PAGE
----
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January 31, 2011

Contrary to popular belief...

Today has been a good day. I...

  • slept in (until 9:30am!)
  • read a couple chapters of "Dead Souls" by Gogol, which is a hilarious Russian piece of satire.
  • drank some french press coffee in the meantime.
  • read some of Bearing Fresh Olive Leaves (have both agreements and disagreements concerning his opinions)
  • Listened to good ol' Baroque music, as well as a couple sacred choral ensembles while I read, which I highly recommend.
And..that is all so far. But it's a pretty darn ideal day for me, necessary at least once a week. I am now pondering this question:

  • Is something moral because God says so, or does God say so because it is moral?
I'm pretty sure popular opinion in the Christian world, at least, would give a simple, frank explanation that the first option is the true one. Of course God is the definition of "Good", so therefore anything God says is moral. BUT there is a problem with this.

If the first option is true, if "all morality rests on the spoken word or action of a divine being "God"', then what makes morality necessarily “good”? For example, what if God said it was okay to murder or rape (which, in some religious texts, he does)? This understanding of morality as under God's control makes morality subjective to God's whims, thoughts, reactions, and opinions. 

If the second option is true, if "God says so because it is moral", then morality transcends God. And to many, nothing can transcend God. 

So which is "true?"

My opinion is still forming on this issue. Kierkegaard's thought about the teleological suspension of the ethical (the idea that God is above human ethics and that humans can be permitted to do unethical things because God commands it, like the Abraham sacrificing Isaac story) makes sense on paper, but the problem I have is: How does one know if a "suspension of the ethical" was truly God-ordained? Any person who is mad and intends to do harm can claim that God destined him to perform this act of harm. If Abraham were alive today and sacrificed his son Isaac in God's name, we all would think he was a nut-case.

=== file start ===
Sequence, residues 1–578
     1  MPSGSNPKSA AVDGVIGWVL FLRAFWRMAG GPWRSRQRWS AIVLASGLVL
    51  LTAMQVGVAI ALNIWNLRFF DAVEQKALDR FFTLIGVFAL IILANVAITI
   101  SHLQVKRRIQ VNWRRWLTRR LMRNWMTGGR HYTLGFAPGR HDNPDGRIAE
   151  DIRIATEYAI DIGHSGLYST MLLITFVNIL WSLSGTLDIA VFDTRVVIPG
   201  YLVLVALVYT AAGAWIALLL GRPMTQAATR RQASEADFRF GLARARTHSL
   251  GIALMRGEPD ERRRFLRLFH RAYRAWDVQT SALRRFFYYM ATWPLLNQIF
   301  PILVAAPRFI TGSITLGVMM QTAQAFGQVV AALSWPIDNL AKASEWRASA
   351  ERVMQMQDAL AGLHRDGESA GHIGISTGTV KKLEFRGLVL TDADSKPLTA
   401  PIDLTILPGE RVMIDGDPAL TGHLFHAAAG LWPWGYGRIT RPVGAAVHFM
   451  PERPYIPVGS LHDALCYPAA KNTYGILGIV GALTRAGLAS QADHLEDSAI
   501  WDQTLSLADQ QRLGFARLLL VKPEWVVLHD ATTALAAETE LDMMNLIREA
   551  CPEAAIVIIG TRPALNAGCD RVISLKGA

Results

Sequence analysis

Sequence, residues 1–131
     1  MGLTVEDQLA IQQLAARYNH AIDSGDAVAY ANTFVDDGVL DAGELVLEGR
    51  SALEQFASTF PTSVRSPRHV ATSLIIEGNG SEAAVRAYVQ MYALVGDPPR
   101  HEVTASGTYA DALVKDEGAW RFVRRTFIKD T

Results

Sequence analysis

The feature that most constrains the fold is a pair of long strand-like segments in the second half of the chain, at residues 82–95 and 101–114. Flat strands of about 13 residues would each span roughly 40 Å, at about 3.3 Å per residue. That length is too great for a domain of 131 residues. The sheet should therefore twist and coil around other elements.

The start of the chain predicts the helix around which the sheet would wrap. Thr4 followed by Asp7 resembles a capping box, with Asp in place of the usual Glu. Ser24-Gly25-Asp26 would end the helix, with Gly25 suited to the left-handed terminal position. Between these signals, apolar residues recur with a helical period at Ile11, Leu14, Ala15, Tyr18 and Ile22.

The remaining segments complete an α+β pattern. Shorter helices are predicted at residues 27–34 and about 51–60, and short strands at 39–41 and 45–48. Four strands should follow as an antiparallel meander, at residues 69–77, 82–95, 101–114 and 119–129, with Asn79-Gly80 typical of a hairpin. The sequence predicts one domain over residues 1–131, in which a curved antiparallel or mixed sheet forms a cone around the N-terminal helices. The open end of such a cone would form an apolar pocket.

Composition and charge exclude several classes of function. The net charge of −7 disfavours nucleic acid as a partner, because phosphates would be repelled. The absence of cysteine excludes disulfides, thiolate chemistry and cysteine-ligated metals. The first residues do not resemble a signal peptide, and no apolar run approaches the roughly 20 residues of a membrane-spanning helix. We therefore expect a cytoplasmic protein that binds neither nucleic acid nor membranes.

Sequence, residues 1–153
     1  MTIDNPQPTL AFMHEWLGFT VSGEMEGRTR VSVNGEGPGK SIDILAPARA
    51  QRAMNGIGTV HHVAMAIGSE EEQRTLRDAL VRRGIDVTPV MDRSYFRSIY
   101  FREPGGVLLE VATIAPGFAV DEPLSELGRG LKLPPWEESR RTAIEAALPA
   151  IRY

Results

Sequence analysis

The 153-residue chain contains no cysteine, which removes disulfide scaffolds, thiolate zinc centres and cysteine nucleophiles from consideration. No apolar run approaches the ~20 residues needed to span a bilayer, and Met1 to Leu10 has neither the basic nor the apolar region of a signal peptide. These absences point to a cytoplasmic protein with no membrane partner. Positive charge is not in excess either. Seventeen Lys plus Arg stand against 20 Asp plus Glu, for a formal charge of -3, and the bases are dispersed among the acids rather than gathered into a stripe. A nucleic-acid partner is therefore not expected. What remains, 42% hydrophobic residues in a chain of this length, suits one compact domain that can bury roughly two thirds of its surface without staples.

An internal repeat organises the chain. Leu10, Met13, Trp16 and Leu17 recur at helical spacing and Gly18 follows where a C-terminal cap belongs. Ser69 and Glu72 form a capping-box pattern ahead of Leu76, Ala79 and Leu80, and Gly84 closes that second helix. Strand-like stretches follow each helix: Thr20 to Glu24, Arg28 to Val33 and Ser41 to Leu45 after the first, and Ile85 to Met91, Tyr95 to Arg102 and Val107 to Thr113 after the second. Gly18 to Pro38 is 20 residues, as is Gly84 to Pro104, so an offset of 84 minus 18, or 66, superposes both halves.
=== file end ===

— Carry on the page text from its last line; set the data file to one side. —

I do believe that morality is subjective in some ways, because something that could be immoral in one circumstance is permissible and even necessary in another circumstance. 

An example of this would be if a man was dying of starvation and came upon a grain field or an apple orchard that was cultivated by a landowner. Is it morally "right" for this man to steal from another's production to feed himself, and even steal the seeds from that fruit to cultivate for his own food? 

Aka: Is it morally acceptable for this starving man to steal from a man who has plenty in order to survive? Technically, no, this would not be acceptable. But in theory, and even in reality, we all might permit it. 

I am interested in a diversity of opinion and dialogue on this matter. But this I believe: that morality has flux, cannot be contained in a black and white picture, if you will, contrary to popular belief. Something that is immoral in one culture is perfectly moral in another culture, and that is okay with me. The Bible does not have easy answers to philosophical questions, contrary to popular belief. And that the Bible does not have all the answers, period, contrary to popular belief. The Bible is literary in nature, which is interpretive. So we must think, interpret, guide, perceive, and reckon with each other and for ourselves.

1 comment:

k cody said...

Maybe morality is also relative or subjective in the eyes of God. So, perhaps the act of listening to direction from God with full humility/the acknowledgment of our limited understanding is the best way to understand instances when He seems to condone immoral behavior.